Source: https://www.cdc.gov/coronavirus/2019-ncov/symptoms-testing/symptoms.html accessed 3/24/20 12:01

8. What is the difference between coronavirus, flu, cold, and seasonal allergies?

The symptoms for each are as follows:

9. What should we watch out for babies and children?

Symptoms in Pediatric Patients

Illness among pediatric cases appear to be mild, with most cases presenting with:

  • symptoms of respiratory infection
  • cough
  • nasal congestion
  • rhinorrhea
  • sore throat

Signs and symptoms of COVID-19 in children may be similar to those for common viral respiratory infections or other childhood illnesses. It is important for pediatric providers to have an appropriate suspicion of COVID-19, but also to continue to consider and test for other diagnoses, such as influenza (see CDC’s Flu Information for Healthcare Professionals for more information).

Source: https://www.cdc.gov/coronavirus/2019-ncov/hcp/pediatric-hcp.html accessed 3/24/20 08:23

Precautions

1. What can we eat/drink to prevent coronavirus, or to recover quicker?

The best way to prevent illness is to avoid being exposed to this virus. The virus is thought to spread mainly from person-to-person, between people who are in close contact with one another (within about 6 feet). It is transferred through respiratory droplets produced when an infected person coughs or sneezes. These droplets can land in the mouths or noses of people who are nearby or possibly be inhaled into the lungs.

Source: https://www.cdc.gov/coronavirus/2019-ncov/symptoms-testing/symptoms.html accessed 3/24/20 17:24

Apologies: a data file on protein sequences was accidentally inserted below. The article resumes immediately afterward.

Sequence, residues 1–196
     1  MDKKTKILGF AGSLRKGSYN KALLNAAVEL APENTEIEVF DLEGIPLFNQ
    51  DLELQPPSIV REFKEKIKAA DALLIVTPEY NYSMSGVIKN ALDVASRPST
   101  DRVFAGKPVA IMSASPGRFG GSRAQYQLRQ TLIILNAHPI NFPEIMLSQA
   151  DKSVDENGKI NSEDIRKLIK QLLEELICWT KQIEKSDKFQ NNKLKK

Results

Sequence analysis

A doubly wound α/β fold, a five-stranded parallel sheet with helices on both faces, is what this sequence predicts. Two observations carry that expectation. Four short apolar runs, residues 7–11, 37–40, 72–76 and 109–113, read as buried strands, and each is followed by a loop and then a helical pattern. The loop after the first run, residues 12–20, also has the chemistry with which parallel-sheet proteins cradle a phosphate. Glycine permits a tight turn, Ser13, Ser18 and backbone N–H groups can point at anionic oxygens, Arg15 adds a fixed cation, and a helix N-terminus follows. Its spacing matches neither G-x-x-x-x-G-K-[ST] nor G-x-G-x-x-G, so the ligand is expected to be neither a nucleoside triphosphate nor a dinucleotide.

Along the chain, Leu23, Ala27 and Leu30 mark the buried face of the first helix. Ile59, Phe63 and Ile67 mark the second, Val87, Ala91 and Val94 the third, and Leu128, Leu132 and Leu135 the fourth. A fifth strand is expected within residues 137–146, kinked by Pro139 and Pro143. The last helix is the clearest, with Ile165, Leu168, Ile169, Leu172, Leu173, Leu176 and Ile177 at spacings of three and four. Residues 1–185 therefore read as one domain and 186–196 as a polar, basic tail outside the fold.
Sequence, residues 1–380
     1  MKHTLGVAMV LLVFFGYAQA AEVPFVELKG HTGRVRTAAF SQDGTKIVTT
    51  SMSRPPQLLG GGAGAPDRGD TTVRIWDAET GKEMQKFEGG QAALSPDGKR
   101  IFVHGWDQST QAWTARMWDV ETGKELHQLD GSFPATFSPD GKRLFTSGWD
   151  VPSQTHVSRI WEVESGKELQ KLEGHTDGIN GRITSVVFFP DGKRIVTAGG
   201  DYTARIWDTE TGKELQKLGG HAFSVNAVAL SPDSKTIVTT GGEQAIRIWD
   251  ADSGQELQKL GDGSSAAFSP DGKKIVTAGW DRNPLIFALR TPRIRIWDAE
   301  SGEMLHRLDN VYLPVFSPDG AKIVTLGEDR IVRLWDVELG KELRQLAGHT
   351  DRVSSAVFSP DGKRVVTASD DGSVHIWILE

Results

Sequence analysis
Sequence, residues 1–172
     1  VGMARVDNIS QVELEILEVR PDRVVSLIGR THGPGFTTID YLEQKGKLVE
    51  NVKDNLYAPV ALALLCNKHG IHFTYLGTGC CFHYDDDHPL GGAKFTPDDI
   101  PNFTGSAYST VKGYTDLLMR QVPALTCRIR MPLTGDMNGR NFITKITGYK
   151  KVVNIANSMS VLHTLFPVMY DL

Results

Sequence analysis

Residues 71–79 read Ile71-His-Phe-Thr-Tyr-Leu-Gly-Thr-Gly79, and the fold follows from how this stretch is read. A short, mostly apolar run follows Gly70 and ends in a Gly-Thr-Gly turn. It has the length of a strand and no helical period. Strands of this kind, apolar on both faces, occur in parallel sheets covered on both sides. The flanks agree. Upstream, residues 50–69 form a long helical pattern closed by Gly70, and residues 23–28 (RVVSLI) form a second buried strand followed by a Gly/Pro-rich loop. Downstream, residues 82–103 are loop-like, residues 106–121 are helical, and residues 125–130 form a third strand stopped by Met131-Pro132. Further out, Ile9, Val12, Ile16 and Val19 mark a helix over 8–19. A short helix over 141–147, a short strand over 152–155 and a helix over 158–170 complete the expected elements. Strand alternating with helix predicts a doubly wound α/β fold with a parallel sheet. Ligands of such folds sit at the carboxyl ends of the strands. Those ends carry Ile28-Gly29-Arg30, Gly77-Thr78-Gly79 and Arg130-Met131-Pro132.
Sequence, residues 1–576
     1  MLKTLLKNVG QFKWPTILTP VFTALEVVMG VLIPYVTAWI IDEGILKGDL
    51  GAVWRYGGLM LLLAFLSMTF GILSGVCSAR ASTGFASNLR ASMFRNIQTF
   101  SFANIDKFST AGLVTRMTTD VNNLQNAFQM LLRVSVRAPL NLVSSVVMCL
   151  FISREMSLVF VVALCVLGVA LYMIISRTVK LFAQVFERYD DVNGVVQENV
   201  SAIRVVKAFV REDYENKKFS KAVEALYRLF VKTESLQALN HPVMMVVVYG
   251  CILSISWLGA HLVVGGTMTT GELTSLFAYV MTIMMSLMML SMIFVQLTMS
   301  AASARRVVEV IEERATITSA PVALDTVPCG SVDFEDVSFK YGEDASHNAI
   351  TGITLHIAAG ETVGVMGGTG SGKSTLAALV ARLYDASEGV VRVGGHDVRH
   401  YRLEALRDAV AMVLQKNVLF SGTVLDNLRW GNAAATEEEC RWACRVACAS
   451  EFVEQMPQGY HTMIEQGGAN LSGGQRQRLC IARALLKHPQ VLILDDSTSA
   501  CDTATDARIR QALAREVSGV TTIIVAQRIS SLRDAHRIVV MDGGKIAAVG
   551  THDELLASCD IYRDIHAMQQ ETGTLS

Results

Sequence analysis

2. I am working from home, only do grocery shopping when needed, and maintain “social distancing”.  I’m also older. Am I taking the proper precautions?

The CDC recommends that you stay home whenever possible. Older age is considered high-risk. Washing hands frequently with soap and water, disinfecting surfaces, and maintain social distance are the best ways to protect yourself if you have to go out.

Source: https://www.cdc.gov/coronavirus/2019-ncov/prepare/prevention.html accessed 3/25/20 13:24

3. As I deliver mail, I am curious how long it lives on the surfaces I transport. Am I greater risk? Should I be stripping down when I get home and throwing everything in the wash?

In general, because of poor survivability of these coronaviruses on surfaces, there is likely very low risk of spread from products or packaging that are shipped over a period of days or weeks at ambient temperatures. Coronaviruses are generally thought to be spread most often by respiratory droplets. Currently there is no evidence to support transmission of COVID-19 associated with imported goods and there have not been any cases of COVID-19 in the United States associated with imported goods.

Source: https://www.cdc.gov/coronavirus/2019-ncov/faq.html#anchor_1584386215012 accessed 3/25/20 13:55

4. What precautions should I be taking when I am in the grocery store? Is there anything else I should be doing besides washing my hands when I get home?

Maintain a six-foot distance from others. Don’t touch your face, wash hands thoroughly with soapy water.

Source: https://www.cdc.gov/coronavirus/2019-ncov/prepare/prevention.html accessed 3/25/20 13:58

5. My husband is on immunosuppressants for a transplant. What do I do if he gets sick? If I do?  He’s remaining home until further notice. I’m only leaving for essentials.

Stay home unless absolutely necessary. Wash hands frequently with soap and water, wipe down surfaces frequently. If he starts showing symptoms, call your provider immediately.

Source: https://www.cdc.gov/coronavirus/2019-ncov/specific-groups/get-ready.html accessed 3/25/20 13:58

6. When should we start to worry?  These symptoms mimic the flu and its flu season so are what point do we contact our doctor?  I’ve heard that point is if you feel out-of-breath, but the flu does that to me as well.

If you develop emergency warning signs get help immediately. Those include: trouble breathing, persistent pain in the chest, confusion or inability to arouse, bluish lips or face.

Source: https://www.cdc.gov/coronavirus/2019-ncov/symptoms-testing/symptoms.html accessed 3/25/20 14:02

7. If we had contact with someone that develops symptoms a few days later but is not eligible for testing, what are the quarantine recommendations?